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The turbocharger continues its march across some of our most cherished engines. The next batch of Porsche 911s will get blowers for the mainstream models, Porsche’s engineering chief Wolfgang Hatz told us at the Detroit show.

“You have to respect legal requirements [for lower CO2], so yes we’re thinking turbos for standard 911s. You can’t afford to keep an engine for 10 years any more.”

He had earlier explained that the new 911 GT3 RS, which will be launched in March at the Geneva show, features an all-new very powerful naturally aspirated engine. A version of that engine, with turbos but less power, strangely, will be what’s in the facelifted 911s in 2016.

“Emissions are important for us,” said Hatz, “And we will reduce faster than the industry. Every new model will have lower CO2 than before. There aren’t so many technologies to do it. If you look at euro per g/km then it’s turbo. Then at the end of the decade electrification has to be the next huge step.” Does that mean a hybrid for the all-new 911? “Yes.” With expertise from the 918 and 919 racer, Porsche is in a good position.

He also acknowledged that Porsche is developing a four-cylinder turbo for the Cayman and Boxster ranges from 2016. Is it a flat four? “It’s not an in-line four or a V4.” Will it go into the 911? “Never. That’s always a flat six.” Phew.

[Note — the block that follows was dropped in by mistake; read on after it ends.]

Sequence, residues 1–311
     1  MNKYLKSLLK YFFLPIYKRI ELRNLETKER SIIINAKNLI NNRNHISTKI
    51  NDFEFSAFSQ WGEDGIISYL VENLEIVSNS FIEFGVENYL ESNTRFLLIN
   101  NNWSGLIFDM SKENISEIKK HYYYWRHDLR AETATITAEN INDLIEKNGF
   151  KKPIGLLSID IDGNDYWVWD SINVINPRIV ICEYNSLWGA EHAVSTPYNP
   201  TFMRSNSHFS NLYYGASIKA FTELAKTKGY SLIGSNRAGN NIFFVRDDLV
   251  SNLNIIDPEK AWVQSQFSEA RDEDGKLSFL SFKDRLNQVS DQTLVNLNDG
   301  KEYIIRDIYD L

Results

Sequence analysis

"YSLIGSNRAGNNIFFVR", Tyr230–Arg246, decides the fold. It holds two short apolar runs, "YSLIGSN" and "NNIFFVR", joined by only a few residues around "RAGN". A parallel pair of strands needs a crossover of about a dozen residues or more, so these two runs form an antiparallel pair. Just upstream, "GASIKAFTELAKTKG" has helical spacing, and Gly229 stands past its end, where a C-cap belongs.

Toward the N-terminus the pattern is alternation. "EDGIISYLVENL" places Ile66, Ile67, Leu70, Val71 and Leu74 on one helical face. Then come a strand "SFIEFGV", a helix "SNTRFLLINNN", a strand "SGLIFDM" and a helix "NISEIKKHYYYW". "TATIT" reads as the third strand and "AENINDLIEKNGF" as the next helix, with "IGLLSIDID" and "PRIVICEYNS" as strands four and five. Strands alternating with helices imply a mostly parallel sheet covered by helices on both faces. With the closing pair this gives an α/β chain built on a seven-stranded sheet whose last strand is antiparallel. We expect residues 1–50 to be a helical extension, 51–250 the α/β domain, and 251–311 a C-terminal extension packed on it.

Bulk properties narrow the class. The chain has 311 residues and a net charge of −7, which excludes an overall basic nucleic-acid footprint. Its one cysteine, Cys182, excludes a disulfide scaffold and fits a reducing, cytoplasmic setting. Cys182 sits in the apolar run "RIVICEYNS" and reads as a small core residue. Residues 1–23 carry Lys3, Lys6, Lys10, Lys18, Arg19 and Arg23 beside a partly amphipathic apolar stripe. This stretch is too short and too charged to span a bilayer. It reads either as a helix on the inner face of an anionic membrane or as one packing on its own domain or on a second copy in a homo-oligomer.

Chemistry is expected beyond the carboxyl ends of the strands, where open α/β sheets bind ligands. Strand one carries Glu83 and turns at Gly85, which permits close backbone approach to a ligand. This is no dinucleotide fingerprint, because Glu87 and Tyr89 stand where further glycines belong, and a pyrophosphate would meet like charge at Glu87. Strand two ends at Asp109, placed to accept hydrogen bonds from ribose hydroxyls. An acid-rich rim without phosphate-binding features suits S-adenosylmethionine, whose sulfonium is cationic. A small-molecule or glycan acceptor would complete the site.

Again in pursuit of better economy and performance, Hatz said Porsche is working on an all-new V8 for the next generation of Cayenne and Panamera. These cars also have to get lighter. He said the objective for the next Cayenne V6 is under two tonnes, even though it will add equipment. At the moment it’s nearly 2100kg.

But you don’t want to know about base-model SUVs, you want to know about hot semi-racers.

He confirmed there is a Cayman GT4 coming this year. He said it’s developed by the motorsport department who do the GT versions of the 911. It will have about 400bhp, and be usefully lighter than a standard car. It’s more hardcore than the old Cayman R, he said, and is “for customers who want an entry race car.”

And the 911 GT3 RS will be at the Geneva show. Hatz said the existing GT3 surprised people by how civilised it is. He says the GT3 RS is a bigger jump from the GT3 than there was in the 997-generation GT3 to GT3 RS. So we’re looking at a pretty rabid car.

But if that’s not enough, what about people who want more: a GT2 with turbos? “We have so many 911 variants,” - this was minutes after they’d launched the Targa 4 GTS - “but customers do ask for a GT2, and we will decide.”

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